This week I’ve been helping a client find a new associate.
There are lots of dentists looking for associate jobs and lots of practices desperate for the “right associate”.
So, this is how to get this important selection absolutely right:
Finding the right candidate takes a lot more than just putting a 3 line advertisement in the BDJ promising, “a relaxing state of the art environment with a patient list, a car park, a hygienist and an OPG”. If you do, you will be flooded with applications from all over the world and an impossible job to find the proverbial needle in the haystack.
In my experience of helping our clients recruit great associates, the process works a lot better if at first you spend some time deciding what sort of associate you are really looking for.
Here are eight questions to help you PROFILE who you are looking for:
- What skills must they have?
- What additional skills would you like them to have to compliment your existing clinical team?
- What sort of behaviours are you looking for?
- How much must they be able to gross?
- Do they need to be able to build a book?
- How long do you want them to stay and do you want them to become some sort of partner/cost sharer?
- Ideally, what have they been doing before they apply to your practice?
- What sort of person and at what stage of their life would they want to work in your town and in your practice?
Now you have a profile of your perfect candidate, you can build a campaign to narrow your search for this person. The key steps in building the campaign are typically:
- Add a page to your web site with a full description of your practice and the candidate you are looking for, you can add lots of important detail. You can password protect it if you like.
- Put a short concise ad in the BDJ with a link to your website page (which reflects your answers to the 8 questions above)
- Network: Send the profile to your network. Everybody knows around 200 people and the person you are looking for might be a few steps beyond your network so ask your network to send the profile to their network! – ask your lab, contact your Linked-In contacts, talk to people at industry events & handout the profile.
- Head hunt: task a professional recruiter to find your perfect candidate (this is different from asking a recruitment agency to send you CVs)
You’ve got some good quality applications now, so how will you choose a long list and then candidates for a short list?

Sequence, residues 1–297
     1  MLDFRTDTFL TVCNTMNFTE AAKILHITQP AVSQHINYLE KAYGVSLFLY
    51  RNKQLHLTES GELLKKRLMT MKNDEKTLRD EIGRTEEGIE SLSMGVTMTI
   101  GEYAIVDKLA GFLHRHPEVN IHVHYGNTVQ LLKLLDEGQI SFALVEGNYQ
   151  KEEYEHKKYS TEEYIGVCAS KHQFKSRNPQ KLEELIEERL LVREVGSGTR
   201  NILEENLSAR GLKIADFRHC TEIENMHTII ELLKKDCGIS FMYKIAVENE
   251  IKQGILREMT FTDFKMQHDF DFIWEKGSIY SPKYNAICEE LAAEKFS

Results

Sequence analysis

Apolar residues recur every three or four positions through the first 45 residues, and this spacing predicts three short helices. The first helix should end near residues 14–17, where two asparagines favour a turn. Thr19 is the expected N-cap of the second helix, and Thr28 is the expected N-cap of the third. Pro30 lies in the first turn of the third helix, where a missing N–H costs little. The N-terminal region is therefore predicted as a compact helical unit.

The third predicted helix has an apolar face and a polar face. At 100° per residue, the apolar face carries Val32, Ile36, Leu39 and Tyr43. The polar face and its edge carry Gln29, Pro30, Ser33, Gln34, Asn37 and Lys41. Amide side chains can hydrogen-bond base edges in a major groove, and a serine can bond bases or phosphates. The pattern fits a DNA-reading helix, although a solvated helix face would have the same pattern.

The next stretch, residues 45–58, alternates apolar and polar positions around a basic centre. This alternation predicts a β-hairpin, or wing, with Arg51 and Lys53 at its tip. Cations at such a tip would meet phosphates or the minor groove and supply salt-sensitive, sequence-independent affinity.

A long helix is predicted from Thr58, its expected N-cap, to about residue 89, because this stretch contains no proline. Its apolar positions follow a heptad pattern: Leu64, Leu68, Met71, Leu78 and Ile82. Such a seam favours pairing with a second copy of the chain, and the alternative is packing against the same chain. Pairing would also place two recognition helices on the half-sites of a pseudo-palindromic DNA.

- Telephone “sift” all these applicants. Ask them to leave a voice mail on a mobile you use just for recruitment. Listen to the messages and intuitively judge their communication skills. (Anyone want an Associate with poor communication skills? No, I thought not!)
- Longlist candidates to interview by Skype from your voicemail sifting. During the 15 minute interviews, focus on them (not on your practice!!) and ask questions that find out what they actually do (and not what they think you want to hear!).
- Interview face to face your short list. Ask them to bring examples of their work and their treatment planning skills.
- Use a Psychometric Profiling Tool such as Kolbe for your final 1,2 or 3 candidates from your shortlist interviews.
- Get your final 1 or 2 candidates to spend time in your practice, so you can assess their clinical and interpersonal skills, for real.
- Make your decision! (and always thank and give feedback to all the candidates)
It doesn’t stop there! Now the hard work really starts with a proper induction process. You need to give them your time and feedback (positive and negative) regularly to make it work.
Even if you have had an associate for a while, when was the last time you reviewed their progress, gave them feedback or had a clinical review session? Have these regularly and you’ll be surprised on the positive effect on you, your associate and the practice. Why not book a clinical review session next week where all your clinicians (including you) sit down and share some cases?
Let me know how it goes.
If you would like some help in recruiting the right team, then please give me a call or drop me a line.